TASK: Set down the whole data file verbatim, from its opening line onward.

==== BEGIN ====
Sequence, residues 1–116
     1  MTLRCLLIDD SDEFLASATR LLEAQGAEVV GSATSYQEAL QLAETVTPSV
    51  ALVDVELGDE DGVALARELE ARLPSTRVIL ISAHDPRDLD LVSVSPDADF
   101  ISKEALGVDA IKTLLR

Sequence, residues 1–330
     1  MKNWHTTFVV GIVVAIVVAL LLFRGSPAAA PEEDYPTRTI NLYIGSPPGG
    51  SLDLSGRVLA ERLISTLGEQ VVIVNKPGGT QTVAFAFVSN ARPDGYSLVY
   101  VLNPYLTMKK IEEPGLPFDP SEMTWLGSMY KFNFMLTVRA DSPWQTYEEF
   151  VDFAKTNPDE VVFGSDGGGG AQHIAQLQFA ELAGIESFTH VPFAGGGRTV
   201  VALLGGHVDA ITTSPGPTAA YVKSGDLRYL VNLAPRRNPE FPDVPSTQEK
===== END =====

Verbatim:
Sequence, residues 1–116
     1  MTLRCLLIDD SDEFLASATR LLEAQGAEVV GSATSYQEAL QLAETVTPSV
    51  ALVDVELGDE DGVALARELE ARLPSTRVIL ISAHDPRDLD LVSVSPDADF
   101  ISKEALGVDA IKTLLR

Sequence, residues 1–330
     1  MKNWHTTFVV GIVVAIVVAL LLFRGSPAAA PEEDYPTRTI NLYIGSPPGG
    51  SLDLSGRVLA ERLISTLGEQ VVIVNKPGGT QTVAFAFVSN ARPDGYSLVY
   101  VLNPYLTMKK IEEPGLPFDP SEMTWLGSMY KFNFMLTVRA DSPWQTYEEF
   151  VDFAKTNPDE VVFGSDGGGG AQHIAQLQFA ELAGIESFTH VPFAGGGRTV
   201  VALLGGHVDA ITTSPGPTAA YVKSGDLRYL VNLAPRRNPE FPDVPSTQEK